Spencer Shipman was really, really thirsty.

The J.B. Speed School of Engineering master’s student was outside in the summer heat, filling 500-gallon tanks with potable reclaimed water at the Metropolitan Sewer District’s Floyds Fork Water Quality Treatment Center. The four tanks were heading to four Louisville craft breweries, where the water would be used in some new brews as part of a pilot project.

Shipman, 22, knew better than just about anyone that it was ready to drink. So on that hot July day, he took a couple of gulps.

“And I’m still standing here,” he laughed.

Shipman is one of 20 University of Louisville Speed School students who had a part in the water pilot project, which has been named Next Round Brewing (motto: “Good as New, Great for Brew”). He is using the project for his master’s thesis.

The system set up at MSD’s Floyds Fork Water Quality Treatment Center.

Next Round is a joint effort among UofL, MSD, Louisville Water Co., the breweries, the Kentucky-Tennessee Water Environment Association, the Kentucky-Tennessee section of American Water Works Association and Isopure Corp., the world’s leading manufacturer of FDA-registered equipment for dialysis water treatment, which built the purifier. The goal was to find a way to turn something no one would consider drinking into something everyone would want to drink.

Milad Ebrahimi, a Speed School doctoral graduate who works as an MSD regulatory compliance analyst, had the idea about a year ago. He proposed a capstone project for seniors in the chemical engineering department: What are the best ways to remove enough contaminants from treated wastewater to make it drinkable? 

Five teams of four students each took on different challenges for the small-scale wastewater treatment system, including experimenting with chemicals and filters, adding copper ions and water softeners and zapping the water with UV light. Ebrahimi and his team took the best ideas from each student group and incorporated it into Next Round’s water purification system. 

“They all did a great job,” he said.

Ebrahimi with chemical engineering students at the J.B. Speed School of Engineering Design Showcase in April, where seniors presented capstone projects.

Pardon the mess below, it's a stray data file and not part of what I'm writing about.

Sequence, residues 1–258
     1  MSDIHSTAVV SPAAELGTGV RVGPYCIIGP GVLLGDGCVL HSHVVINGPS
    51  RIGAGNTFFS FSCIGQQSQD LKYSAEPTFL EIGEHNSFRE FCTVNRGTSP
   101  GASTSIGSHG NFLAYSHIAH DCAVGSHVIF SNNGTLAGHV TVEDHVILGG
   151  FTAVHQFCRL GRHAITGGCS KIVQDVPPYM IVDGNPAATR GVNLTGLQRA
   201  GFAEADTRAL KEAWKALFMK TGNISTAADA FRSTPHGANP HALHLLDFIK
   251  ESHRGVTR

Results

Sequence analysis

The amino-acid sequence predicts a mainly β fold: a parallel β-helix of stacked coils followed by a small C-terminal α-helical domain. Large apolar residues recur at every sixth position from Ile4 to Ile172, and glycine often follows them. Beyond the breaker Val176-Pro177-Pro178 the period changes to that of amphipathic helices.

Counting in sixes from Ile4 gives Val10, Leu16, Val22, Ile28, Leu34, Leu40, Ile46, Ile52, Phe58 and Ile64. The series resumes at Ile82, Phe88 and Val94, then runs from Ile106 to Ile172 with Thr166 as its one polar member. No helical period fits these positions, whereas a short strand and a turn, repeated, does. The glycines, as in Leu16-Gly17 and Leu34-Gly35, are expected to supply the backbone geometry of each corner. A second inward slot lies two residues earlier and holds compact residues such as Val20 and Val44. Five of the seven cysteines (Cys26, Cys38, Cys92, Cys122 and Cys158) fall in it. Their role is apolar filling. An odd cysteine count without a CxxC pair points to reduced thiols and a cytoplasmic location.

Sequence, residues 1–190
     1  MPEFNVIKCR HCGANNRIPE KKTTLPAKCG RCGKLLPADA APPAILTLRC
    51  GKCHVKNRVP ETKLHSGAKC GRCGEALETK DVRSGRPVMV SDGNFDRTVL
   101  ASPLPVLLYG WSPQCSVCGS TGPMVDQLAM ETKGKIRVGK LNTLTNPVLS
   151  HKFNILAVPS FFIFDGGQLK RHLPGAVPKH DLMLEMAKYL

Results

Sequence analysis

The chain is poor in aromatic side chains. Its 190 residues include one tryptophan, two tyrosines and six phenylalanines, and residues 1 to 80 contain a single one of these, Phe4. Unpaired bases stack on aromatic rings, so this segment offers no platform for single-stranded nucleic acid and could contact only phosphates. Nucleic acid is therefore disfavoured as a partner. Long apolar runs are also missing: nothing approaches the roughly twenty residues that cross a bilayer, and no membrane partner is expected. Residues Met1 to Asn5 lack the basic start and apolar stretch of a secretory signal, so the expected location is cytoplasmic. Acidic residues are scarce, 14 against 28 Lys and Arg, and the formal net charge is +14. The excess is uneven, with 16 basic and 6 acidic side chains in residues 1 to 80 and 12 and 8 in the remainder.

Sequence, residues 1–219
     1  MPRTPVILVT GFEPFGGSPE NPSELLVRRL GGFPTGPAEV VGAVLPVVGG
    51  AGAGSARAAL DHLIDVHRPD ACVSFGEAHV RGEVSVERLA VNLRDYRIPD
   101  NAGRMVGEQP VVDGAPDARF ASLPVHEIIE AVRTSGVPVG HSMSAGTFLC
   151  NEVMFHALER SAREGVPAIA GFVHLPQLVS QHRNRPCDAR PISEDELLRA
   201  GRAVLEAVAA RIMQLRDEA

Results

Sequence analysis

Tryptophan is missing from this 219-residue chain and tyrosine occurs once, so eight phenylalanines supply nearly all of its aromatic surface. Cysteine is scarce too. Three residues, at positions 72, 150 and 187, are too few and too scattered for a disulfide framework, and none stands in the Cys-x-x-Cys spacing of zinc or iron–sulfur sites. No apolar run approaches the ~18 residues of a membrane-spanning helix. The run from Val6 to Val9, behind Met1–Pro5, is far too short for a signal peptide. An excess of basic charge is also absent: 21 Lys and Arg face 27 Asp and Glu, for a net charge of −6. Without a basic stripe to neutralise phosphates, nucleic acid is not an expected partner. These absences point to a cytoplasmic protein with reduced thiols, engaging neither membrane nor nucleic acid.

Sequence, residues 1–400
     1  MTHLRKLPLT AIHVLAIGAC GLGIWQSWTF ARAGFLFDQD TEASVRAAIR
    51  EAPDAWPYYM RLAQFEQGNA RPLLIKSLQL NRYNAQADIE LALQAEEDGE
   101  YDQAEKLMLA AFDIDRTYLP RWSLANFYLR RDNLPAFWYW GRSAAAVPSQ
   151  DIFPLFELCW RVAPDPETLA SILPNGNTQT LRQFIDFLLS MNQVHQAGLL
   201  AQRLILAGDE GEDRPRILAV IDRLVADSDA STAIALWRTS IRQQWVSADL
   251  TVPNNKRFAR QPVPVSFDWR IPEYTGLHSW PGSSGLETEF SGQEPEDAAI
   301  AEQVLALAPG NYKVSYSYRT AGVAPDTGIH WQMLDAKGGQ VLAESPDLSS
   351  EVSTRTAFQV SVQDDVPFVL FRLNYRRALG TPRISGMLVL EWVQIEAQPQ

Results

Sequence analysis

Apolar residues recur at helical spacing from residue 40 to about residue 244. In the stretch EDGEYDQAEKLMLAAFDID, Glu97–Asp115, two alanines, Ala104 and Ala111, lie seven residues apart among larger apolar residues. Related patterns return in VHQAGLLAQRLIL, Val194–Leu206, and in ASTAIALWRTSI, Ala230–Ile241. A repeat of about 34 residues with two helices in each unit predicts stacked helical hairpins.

The team tested the water, tweaked the system, then tested it again, then tweaked it again. This happened over and over and over and over until, by July, lab tests showed the water met the standards for drinking water. It’s the first time this has been successfully done in Kentucky and Tennessee, Ebrahimi said.

“This process is not fast,” Shipman said. “But quality and safety is not to be rushed.”

An informational video about Next Round emphasizes that the amount of water on Earth is finite, and parts of the world are already struggling with the demand for clean drinking water. 

“Inspiring and promoting dialogue about diversifying our nation’s water portfolio is an important part of a national water strategy,” Ebrahimi wrote in an article describing the project. 

The four breweries — Gordon Biersch, Holsopple Brewing, Akasha Brewing and Apocalypse Brew — will serve their beer Aug. 18 at Louisville’s Waterfront Park during the Water for Life celebration of water event sponsored by the Water Professionals Conference. 

“The source isn’t really quite as important as what comes out,” said Nick Landers of Gordon Biersch. 

Read about the breweries in this WFPL story here

Speed chemical engineering student Spencer Shipman with the author near the water purification system.